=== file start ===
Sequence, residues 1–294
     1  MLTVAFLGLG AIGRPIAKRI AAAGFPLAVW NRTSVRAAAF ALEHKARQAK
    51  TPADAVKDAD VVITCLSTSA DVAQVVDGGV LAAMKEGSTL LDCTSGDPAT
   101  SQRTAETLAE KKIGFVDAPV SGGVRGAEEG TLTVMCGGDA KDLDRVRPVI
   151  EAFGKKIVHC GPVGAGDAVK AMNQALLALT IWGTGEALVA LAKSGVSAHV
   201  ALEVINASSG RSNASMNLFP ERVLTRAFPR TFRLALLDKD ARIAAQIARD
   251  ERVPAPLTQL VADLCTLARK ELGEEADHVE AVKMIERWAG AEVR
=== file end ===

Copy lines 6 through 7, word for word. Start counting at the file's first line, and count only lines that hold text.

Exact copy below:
   201  ALEVINASSG RSNASMNLFP ERVLTRAFPR TFRLALLDKD ARIAAQIARD
   251  ERVPAPLTQL VADLCTLARK ELGEEADHVE AVKMIERWAG AEVR